Culture | McGill hosts A Tribe Called Red

Native DJs redefine urban Aboriginal culture

Founded in 2008, A Tribe Called Red (ATCR) is a collective consisting of DJs NDN, Bear Witness, and Shub. By their own description, their music combines hip-hop, dancehall, and electronic influences. They also mix club and pow wow music in a genre they refer to as “pow wow step.” Through their music, they strive to showcase Aboriginal DJ talent and create a space for Aboriginal people.

Last Friday, as part of McGill’s 11th annual Pow Wow, ATCR hosted a masterclass in which they discussed how they produce their music, as well as various political issues incorporated within their work, including the challenge of creating an urban Native identity.

After their masterclass, The Daily spoke with one of the two founding members of the collective, Bear Witness. “We did a meet-and-greet with First Peoples’ House […] two months ago. I think [coming to our show] was their first official outing for the group,” said Bear Witness when asked about how the partnership with First Peoples’ House came to fruition. “It just came out of that – making friends.”

But this is not ATCR’s first event on a university campus. “Lots of Aboriginal student associations have brought us out again and again.” Recent travels brought them to Thunder Bay, Winnipeg, Calgary, and Saskatoon. At each of these places, the collective held workshops with Aboriginal student associations similar to the masterclass hosted at McGill.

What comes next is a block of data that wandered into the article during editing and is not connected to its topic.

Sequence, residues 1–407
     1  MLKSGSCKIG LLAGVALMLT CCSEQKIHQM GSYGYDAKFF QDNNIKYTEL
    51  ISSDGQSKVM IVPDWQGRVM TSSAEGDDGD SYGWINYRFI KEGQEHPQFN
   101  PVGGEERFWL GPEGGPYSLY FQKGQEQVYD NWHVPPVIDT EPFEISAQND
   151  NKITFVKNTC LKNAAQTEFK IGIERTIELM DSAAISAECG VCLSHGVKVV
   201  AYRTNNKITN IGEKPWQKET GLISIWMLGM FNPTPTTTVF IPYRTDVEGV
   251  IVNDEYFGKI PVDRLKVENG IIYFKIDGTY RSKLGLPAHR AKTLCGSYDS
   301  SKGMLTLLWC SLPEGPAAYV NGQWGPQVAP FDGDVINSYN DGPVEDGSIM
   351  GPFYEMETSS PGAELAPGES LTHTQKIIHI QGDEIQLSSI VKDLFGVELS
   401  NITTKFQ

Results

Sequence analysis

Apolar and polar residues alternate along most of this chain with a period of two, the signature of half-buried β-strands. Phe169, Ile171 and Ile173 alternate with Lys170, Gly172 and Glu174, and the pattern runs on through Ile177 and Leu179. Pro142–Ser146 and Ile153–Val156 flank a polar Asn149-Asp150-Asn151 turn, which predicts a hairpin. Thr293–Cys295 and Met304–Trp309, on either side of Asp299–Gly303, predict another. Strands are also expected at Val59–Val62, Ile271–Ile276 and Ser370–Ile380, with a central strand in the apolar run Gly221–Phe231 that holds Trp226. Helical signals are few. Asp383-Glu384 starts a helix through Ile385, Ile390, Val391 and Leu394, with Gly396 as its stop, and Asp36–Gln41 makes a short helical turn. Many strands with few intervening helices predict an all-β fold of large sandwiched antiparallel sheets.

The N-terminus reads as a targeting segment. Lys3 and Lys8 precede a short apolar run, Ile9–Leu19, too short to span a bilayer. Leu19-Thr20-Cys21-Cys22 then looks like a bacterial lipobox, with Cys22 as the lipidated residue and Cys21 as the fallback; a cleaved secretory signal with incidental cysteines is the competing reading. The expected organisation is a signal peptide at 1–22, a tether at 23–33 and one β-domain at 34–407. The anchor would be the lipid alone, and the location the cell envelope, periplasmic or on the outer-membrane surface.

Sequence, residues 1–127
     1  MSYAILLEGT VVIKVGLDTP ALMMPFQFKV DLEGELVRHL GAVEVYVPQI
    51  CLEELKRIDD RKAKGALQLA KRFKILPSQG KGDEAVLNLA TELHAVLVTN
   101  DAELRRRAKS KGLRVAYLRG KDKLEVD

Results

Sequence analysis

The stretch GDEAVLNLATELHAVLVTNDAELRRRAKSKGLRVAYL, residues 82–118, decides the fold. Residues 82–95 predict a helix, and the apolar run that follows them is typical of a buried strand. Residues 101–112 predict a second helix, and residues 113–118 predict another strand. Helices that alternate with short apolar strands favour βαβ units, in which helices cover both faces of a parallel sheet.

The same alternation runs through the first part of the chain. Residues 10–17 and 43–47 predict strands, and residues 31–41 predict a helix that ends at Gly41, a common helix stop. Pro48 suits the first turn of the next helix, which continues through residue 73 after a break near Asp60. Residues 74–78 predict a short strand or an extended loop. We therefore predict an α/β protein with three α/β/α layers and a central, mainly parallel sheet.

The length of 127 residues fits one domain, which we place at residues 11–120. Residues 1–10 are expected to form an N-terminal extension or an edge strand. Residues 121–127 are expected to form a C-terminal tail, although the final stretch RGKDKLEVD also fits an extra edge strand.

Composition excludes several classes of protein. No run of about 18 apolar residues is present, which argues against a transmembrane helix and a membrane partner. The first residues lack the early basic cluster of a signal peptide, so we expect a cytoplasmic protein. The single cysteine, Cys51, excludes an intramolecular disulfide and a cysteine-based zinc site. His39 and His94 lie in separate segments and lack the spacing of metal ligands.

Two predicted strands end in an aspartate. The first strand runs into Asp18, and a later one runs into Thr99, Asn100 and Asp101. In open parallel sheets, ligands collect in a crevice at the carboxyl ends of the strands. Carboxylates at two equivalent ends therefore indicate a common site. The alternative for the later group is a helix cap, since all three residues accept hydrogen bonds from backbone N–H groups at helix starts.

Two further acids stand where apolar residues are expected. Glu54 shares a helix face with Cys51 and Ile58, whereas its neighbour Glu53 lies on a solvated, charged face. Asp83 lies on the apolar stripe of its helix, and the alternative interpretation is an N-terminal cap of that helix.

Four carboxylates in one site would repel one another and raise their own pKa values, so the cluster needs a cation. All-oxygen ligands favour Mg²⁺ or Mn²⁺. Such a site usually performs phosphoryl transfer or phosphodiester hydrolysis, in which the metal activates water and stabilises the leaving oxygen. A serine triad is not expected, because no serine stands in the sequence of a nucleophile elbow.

When asked about the political aims of their work, Bear Witness emphasized the importance of discussion “about Aboriginal issues and the kind of politics we bring up in our music about cultural appropriation.” He also stressed, however, the necessity of recognizing that “[First Peoples] … are modern people. That idea of the stoic Indian is just a fantasy.” ATCR seeks to acknowledge and incorporate the rich cultural history of Aboriginal peoples within a modern urban lifestyle. “Our music attempts to…take our traditions into a contemporary environment.”

ATCR considers music the perfect medium for their political and social messages. “I see what we do with the Electric Pow Wows as a … continuance of traditional Pow Wow culture.” Bear Witness considers music to be an important tool to use to talk about these kinds of issues. Introducing such hefty political and social questions is better done through music, when people’s “backs are down,” than through proselytizing and lecturing.

He noted, however, that the use of music as political commentary “used to be more prominent in the past, but is now making a resurgence.”

An afterparty for the Pow Wow was held at Église POP that night, in conjunction with POP Montreal. This event was an opportunity to see ATCR’s musical social commentary in practice.

ATCR’s mashup of Aboriginal music with an Adele song spoke to their belief in syncretizing native and “Western” forms to create a contemporary and urban Native identity. Strains of Pow Wow music filled the space, drawing spectators from a relaxed state in the seating area toward the dance floor. As A Tribe Called Red mixed their thumping traditional drumbeats, the environment became charged with an electric atmosphere, as people began to dance their cares away.